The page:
"Die like those dogs"
By Dan Wetzel, Yahoo! Sports
Richmond, Va. – The crowded, chaotic sidewalk on Main Street, across from the federal courthouse, was an unlikely location for a lesson on the virtues of the fifth amendment.
But standing behind a throng that wanted a pound of Michael Vick's flesh – people that had just screamed for the Atlanta Falcons quarterback to "burn in hell" and held signs advocating his murder, torture and neutering – was Thomas Smith in work boots and a white t-shirt.
High above his head he held a simple sign with just a single word: "Constitution."
"These folks have convicted a man who hasn't even had a chance to defend himself," said Smith.
But here was America in full force, full vision, mixing it up while Vick pled not guilty to federal charges pertaining to an alleged dog-fighting ring on property he owned in rural Surry County. And front and center, impossible to ignore, was race.
Like Smith, almost all of the people supporting Vick or holding signs pleading for "due process" were African American.
On the other side was an emotional, angry, passionate anti-Vick group that was overwhelmingly white.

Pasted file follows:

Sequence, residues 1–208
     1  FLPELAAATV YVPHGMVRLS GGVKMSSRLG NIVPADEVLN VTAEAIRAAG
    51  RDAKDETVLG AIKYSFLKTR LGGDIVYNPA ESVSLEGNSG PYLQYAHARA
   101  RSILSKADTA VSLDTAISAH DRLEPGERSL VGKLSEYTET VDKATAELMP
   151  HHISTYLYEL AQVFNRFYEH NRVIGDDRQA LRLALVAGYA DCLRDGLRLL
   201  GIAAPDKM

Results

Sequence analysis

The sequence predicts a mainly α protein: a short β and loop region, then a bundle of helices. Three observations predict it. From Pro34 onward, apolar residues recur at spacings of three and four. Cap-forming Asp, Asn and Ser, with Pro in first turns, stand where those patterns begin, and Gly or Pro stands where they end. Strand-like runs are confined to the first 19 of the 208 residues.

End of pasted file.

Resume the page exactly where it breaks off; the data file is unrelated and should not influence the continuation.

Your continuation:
Certainly not every animal rights supporter was screaming for Vick to die. Many were just there to support the cause of caring for animals, ending the barbaric practice of dog fighting and using the massive media presence to benefit good.
But a significant number were focused on Vick. When he emerged from a black SUV and made a slow walk up a ramp and into the courthouse, they pushed toward police barriers and let loose.
"Burn in hell you (expletive) (expletive)," repeatedly screamed one woman.
"Die like those dogs," shouted another.
Not long after Vick got inside the courthouse – and in a scene that was repeated when he left less than two hours later – the two sides clashed in shouted voices and dueling signs.
Tortured Cats Won't Make You More Virile